Monday, 23 January 2017

Data Container Changes Part 2

Before the end of the year I wrote a blog post detailing some of the more recent changes that Infinispan introduced with the in memory data container.  As was mentioned in the previous post we would be detailing some other new changes. If you poked around in our new schema after Beta 1 you may have spoiled the surprise for yourself.

With the upcoming 9.0 Beta 2, I am excited to announce that Infinispan will have support for entries being stored off heap, as in outside of the JVM heap. This has some interesting benefits and drawbacks, but we hope you can agree the benefits in many cases far outweigh the drawbacks. But before we get into that lets first see how you can configure your cache to utilize off heap.

New Configuration

The off heap configuration is another option under the new memory element that was discussed in the previous post. It is used in the same way that either OBJECT or BINARY is used.



As you can see the configuration is almost identical to the other types of storage. The only real difference is the new address pointer argument, which will be explained below.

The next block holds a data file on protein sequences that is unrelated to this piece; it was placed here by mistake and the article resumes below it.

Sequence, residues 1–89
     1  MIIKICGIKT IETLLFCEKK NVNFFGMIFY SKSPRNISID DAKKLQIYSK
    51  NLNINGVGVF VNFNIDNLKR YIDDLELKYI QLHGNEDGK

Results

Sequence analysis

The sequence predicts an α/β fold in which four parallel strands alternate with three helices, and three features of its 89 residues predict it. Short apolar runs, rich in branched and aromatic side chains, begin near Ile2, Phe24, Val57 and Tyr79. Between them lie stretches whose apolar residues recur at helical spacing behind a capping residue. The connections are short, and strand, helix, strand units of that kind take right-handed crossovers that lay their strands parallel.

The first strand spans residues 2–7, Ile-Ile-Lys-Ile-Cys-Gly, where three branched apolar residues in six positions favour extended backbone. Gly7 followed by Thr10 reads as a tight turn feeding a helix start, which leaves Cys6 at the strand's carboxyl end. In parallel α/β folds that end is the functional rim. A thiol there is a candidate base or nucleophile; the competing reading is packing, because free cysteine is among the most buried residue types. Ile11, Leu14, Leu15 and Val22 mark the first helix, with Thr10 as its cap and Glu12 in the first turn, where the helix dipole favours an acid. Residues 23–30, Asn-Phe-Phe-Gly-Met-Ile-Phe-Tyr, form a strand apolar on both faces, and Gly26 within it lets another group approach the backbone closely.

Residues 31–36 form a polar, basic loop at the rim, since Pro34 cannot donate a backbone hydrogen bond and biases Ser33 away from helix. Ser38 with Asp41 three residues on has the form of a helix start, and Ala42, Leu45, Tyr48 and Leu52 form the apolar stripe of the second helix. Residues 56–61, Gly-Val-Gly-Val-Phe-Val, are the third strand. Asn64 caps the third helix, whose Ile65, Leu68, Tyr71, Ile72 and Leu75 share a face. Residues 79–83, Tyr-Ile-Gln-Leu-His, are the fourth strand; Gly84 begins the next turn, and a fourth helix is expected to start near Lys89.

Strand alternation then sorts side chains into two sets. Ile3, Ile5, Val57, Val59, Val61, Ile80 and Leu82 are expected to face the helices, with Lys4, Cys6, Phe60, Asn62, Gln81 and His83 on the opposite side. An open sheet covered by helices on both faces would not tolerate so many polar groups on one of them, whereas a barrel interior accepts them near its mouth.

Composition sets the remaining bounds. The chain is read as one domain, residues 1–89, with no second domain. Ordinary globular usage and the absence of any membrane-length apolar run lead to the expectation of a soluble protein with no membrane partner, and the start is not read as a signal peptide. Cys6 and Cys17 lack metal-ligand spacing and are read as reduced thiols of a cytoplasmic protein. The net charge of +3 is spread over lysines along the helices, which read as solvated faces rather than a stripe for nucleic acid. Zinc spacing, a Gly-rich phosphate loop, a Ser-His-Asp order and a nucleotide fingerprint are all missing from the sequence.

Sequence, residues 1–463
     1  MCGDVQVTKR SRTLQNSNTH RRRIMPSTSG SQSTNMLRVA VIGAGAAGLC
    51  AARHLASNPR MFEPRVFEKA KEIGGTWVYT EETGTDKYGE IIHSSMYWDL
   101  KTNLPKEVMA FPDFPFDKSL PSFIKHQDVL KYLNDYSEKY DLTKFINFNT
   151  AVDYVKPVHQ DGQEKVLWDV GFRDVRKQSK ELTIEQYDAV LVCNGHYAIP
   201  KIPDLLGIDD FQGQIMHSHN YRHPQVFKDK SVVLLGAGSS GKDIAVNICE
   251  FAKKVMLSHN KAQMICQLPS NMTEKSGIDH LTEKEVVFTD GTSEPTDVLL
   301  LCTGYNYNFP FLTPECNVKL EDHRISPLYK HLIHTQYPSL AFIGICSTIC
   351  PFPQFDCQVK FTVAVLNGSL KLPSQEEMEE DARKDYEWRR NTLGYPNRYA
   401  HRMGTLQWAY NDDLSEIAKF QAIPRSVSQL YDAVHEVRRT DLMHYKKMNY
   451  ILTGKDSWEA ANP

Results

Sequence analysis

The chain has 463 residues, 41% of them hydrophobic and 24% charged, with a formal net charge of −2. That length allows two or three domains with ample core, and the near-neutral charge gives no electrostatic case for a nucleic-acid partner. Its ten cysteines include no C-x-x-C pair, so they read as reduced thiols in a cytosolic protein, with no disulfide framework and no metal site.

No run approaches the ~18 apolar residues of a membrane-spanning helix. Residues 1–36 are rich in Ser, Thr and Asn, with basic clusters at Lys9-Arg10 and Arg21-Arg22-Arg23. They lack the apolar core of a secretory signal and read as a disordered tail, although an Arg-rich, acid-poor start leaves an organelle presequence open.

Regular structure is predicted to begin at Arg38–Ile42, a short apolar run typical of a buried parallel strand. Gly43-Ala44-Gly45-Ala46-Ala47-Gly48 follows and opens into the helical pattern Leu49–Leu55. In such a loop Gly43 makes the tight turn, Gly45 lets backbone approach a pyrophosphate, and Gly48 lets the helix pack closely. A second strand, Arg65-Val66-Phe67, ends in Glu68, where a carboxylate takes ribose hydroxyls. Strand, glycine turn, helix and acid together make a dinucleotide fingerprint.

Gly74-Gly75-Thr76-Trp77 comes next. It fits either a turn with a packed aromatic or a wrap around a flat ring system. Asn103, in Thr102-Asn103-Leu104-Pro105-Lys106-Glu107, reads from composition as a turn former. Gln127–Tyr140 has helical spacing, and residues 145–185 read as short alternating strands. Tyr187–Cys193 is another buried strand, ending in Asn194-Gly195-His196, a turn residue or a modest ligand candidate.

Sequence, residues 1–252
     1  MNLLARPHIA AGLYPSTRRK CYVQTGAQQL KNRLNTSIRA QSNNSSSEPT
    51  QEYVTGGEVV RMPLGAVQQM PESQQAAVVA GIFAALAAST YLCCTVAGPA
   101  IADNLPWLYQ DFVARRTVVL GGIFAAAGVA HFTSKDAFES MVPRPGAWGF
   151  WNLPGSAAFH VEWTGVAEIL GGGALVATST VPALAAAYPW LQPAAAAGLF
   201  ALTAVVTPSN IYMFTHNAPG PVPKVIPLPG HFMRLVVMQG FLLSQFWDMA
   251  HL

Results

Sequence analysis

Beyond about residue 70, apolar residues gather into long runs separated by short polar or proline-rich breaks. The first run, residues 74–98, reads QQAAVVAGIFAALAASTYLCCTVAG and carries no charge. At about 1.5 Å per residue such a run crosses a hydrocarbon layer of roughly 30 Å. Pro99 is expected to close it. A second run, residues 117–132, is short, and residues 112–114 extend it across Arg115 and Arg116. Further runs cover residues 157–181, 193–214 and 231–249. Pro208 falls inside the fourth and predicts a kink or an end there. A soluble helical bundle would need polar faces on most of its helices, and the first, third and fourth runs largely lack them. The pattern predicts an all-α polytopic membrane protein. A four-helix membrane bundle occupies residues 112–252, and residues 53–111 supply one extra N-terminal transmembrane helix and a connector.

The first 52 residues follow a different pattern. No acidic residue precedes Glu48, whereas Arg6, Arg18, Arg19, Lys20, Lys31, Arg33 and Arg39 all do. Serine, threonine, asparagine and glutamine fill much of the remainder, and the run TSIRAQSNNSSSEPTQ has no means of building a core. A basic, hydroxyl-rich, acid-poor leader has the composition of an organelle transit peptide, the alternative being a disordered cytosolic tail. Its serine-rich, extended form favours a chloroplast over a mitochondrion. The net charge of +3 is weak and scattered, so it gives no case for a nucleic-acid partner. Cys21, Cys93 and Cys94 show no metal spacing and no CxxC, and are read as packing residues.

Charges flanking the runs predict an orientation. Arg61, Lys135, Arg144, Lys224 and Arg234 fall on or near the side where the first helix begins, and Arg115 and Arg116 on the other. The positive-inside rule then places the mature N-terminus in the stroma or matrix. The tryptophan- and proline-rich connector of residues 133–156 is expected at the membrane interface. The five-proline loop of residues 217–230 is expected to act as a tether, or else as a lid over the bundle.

Our off heap implementation uses the Java Unsafe to allocate memory outside of the Java heap. This data is stored as a bucket of linked list pointers, just like a standard Java HashMap. When an entry is added the key's serialized byte[] is hashed and an appropriate offset is found in the bucket. Then the entry is added to the bucket as the first element or if an entry(ies) is present it is added to the rear of the linked list.

All of this data is protected by an array of ReadWriteLock instances.  The number of address pointers is evenly divisible by the number of lock instances.  The number of lock instances is how many cores your machines doubled and rounded to the nearest power of two.  Thus each lock protects an equivalent amount of address spaces.  This provides for good lock granularity and reads will not block each other but unfortunately writes will wait and block all reads.